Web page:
Steve Flinders

About the Author

Hello, I’m Steve Flinders. I’m a freelance trainer, writer, consultant and coach.

I was born in the UK and read Politics, Philosophy and Economics at university though I probably spent as much time there swimming as studying. I then took a gap decade, working as a volunteer in a school in Pakistan, living in (what was then) a remote part of SW Ireland, getting a teaching qualification, teaching English in Sweden, and spending a year walking round Great Britain. Like many people leaving university with few skills other than the ability to speak my own language, I found that teaching was a good way to get work abroad, to meet different kinds of people, and to get some understanding of other countries and cultures. After thirty years, I still like teaching, although I’ve come to believe that the main role of a teacher is not to teach but to encourage and to facilitate learning. I also believe in what the historian Theodore Zeldin calls “the transforming power of conversation”. When we are deeply engaged in conversation, we can forget which language we are speaking. I think there is something for managers to learn from this too.

After meeting my Franco-Italian wife-to-be, Lorenza, I spent all of the 80s living and working in Paris and learnt a bit more about intercultural communication, both professionally and personally, and about management, in the process. In the early 90s, I was invited to become a director of York Associates and so moved back to the UK with Lorenza and our three young sons. York Associates is a training and publishing business whose mission is to help people develop the skills they need to work successfully in international roles. For the next twenty years, I designed and delivered various kinds of training to develop the professional language, communication, intercultural and leadership skills of our clients, as well as sharing in the ownership and the running of the company – doing sales and marketing for the company across Europe; giving talks at seminars and conferences; writing books and articles; and teaching the soft skills of communication and management. Because I’ve always been interested in politics, I particularly enjoyed working with politicians, civil servants and people in NGOs as well as trades unionists, journalists and (in the private sector) human resources managers. I have a special interest in helping to improve international trade union communication because I’m concerned that so many people across the world lack even the most basic rights or protection in the workplace and need the help in improving their pay and conditions that trade unions can deliver globally.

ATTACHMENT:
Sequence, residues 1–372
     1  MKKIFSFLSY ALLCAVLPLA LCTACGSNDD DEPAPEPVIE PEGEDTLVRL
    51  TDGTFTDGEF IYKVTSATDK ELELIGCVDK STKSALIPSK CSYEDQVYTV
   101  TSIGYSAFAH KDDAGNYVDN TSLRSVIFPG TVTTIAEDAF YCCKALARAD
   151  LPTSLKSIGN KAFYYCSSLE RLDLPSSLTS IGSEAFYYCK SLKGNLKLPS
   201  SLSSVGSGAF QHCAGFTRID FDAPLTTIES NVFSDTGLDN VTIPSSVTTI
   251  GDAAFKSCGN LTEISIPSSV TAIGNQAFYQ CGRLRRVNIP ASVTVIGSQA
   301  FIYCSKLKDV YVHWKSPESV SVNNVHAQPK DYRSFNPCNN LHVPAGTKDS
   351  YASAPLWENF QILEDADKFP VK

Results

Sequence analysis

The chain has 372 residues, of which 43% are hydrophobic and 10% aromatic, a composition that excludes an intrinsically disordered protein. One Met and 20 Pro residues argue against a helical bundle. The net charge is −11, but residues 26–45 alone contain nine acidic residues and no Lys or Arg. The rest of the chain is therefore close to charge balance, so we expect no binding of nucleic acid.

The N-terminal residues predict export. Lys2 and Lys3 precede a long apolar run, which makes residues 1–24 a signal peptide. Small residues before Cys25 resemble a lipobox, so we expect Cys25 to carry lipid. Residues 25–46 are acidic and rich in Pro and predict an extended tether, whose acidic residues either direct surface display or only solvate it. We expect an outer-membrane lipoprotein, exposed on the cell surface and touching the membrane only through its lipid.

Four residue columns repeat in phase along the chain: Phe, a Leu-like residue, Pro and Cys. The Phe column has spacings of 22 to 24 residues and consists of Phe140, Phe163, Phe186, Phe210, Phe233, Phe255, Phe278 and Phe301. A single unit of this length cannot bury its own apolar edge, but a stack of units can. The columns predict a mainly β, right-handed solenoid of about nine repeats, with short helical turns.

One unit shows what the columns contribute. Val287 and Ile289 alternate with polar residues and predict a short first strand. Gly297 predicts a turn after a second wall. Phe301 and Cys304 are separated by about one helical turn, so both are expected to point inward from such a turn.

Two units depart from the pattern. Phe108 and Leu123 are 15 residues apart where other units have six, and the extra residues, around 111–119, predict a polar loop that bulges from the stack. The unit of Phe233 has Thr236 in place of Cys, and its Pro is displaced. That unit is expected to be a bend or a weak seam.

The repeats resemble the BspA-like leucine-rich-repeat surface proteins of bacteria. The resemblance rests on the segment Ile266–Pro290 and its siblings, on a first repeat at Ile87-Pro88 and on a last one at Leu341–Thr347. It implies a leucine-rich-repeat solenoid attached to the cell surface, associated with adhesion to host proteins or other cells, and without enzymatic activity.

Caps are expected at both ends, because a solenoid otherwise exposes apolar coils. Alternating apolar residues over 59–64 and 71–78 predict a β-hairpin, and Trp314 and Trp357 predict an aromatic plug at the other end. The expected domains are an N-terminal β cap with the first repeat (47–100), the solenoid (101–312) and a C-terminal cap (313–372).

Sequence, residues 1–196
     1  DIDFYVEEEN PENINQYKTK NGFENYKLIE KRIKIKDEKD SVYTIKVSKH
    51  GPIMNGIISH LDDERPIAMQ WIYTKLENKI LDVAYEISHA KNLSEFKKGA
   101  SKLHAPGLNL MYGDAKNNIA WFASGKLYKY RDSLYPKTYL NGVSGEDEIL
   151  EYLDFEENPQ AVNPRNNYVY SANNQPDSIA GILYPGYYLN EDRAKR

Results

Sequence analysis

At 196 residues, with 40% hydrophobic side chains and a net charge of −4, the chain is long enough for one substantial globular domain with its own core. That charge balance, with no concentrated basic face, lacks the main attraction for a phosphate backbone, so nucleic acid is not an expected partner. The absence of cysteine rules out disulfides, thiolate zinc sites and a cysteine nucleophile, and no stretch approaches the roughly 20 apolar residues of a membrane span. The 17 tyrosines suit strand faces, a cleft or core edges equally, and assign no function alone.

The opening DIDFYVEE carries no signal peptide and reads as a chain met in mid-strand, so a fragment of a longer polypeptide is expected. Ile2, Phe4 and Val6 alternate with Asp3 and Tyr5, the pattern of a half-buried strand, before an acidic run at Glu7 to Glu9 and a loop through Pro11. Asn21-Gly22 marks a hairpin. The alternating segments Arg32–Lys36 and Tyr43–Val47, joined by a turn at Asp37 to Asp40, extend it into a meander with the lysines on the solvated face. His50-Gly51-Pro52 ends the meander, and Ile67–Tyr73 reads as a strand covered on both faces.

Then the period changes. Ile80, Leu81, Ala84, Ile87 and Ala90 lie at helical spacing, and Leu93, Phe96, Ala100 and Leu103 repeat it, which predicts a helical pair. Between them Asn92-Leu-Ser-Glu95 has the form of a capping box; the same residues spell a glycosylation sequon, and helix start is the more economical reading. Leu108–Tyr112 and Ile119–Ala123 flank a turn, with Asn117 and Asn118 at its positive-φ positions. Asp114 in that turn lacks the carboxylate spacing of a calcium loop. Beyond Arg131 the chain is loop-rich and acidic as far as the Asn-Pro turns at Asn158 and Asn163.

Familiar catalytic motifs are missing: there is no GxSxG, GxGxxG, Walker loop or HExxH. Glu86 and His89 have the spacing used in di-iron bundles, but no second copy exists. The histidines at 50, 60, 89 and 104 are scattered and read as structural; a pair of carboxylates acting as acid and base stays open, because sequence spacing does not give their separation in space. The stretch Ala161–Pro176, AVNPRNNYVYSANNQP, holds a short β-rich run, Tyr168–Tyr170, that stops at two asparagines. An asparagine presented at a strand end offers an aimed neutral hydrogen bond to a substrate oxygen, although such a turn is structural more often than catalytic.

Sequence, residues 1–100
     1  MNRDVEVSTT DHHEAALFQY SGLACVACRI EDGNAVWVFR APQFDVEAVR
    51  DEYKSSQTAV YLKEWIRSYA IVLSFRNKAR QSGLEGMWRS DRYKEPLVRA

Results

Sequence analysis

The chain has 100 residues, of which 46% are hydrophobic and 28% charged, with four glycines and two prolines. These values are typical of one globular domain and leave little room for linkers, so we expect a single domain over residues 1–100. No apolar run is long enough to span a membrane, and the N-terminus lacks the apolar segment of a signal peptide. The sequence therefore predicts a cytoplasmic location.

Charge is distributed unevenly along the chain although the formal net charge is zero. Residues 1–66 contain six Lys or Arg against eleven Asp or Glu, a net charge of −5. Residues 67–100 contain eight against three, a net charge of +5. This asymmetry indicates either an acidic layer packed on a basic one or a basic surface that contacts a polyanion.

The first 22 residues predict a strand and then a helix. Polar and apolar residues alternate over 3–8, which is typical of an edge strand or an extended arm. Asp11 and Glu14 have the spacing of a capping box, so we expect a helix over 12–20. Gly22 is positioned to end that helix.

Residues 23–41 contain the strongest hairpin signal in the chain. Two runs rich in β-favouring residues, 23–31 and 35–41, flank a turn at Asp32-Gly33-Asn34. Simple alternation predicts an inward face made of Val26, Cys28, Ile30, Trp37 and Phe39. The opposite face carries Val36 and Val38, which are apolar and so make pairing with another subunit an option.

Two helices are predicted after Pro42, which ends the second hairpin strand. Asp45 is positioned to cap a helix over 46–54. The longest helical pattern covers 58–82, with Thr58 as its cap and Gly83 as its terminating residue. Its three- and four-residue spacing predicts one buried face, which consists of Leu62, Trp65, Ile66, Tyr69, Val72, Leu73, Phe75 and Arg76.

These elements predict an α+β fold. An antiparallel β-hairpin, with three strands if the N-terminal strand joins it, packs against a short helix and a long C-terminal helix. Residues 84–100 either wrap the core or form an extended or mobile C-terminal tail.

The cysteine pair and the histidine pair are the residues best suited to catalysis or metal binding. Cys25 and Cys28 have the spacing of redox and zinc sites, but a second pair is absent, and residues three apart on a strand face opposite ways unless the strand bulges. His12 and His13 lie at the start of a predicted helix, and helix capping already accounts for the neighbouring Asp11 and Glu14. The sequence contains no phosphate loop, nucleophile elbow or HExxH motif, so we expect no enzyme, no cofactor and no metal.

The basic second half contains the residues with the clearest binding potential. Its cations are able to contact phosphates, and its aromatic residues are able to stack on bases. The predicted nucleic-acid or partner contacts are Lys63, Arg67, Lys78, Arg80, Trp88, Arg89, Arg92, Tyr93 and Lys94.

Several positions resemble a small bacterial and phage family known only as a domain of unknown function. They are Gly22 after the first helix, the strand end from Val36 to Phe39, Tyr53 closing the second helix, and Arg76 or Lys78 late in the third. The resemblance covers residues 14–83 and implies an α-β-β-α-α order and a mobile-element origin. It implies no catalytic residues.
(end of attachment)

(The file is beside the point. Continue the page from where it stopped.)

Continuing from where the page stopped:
I’ve now left York Associates and live in Malta where I continue to train, write and coach on a part-time basis. When I’m not working, I enjoy practising yoga, swimming, reading, going to the theatre and opera, travelling, talking and  – from time to time at least – having transforming conversations.




Published Titles

Steve's Recent Blog Posts

  • Where is Business English going? – the challenge of a changing market place

    An invitation to lead a webinar for BESIG, the Business English Special Interest Group of IATEFL, the International Association of Teachers of English as a Foreign Language, prompted me to reflect on this question. I’ve talked before about the first of the two challenges facing Business English teachers – adjusting to the changing profile and […]

  • Representing a team

    You can more or less base a complete training course – either for language or leadership – on one introductory question: What makes a good manager? Small groups can brainstorm their answers and then report back in plenary. Individuals and the trainer can challenge the suggestions of others. The trainer can then compare the whole […]

  • What language skills do we need?

    It’s generally recognised that people working internationally need good language skills. But what does this mean? I think that we need quite a range of skills for international working and international communication and here are some of the areas where I think we need to develop ourselves and the people we train. 1 We need […]

  • Seven points and four bullets to sell my idea

    I was on a sales trip to Oslo last week, where many Norwegians now speak amazingly good English so selling specialist language and communication training can be quite a challenge. This is exemplified in one of my clients whose HR people I’ve been training for quite a while. He’s decided – probably rightly – that […]

  • Internationalisation begins at home

    Last week I was in Paris helping to deliver the two-day module in International Human Resources to the cohort of mature students following the HR Master’s programme offered by the French grande école, Sciences Po (‘France’s leading university for social sciences’). I enjoy this event because I get to meet a range of HR practitioners […]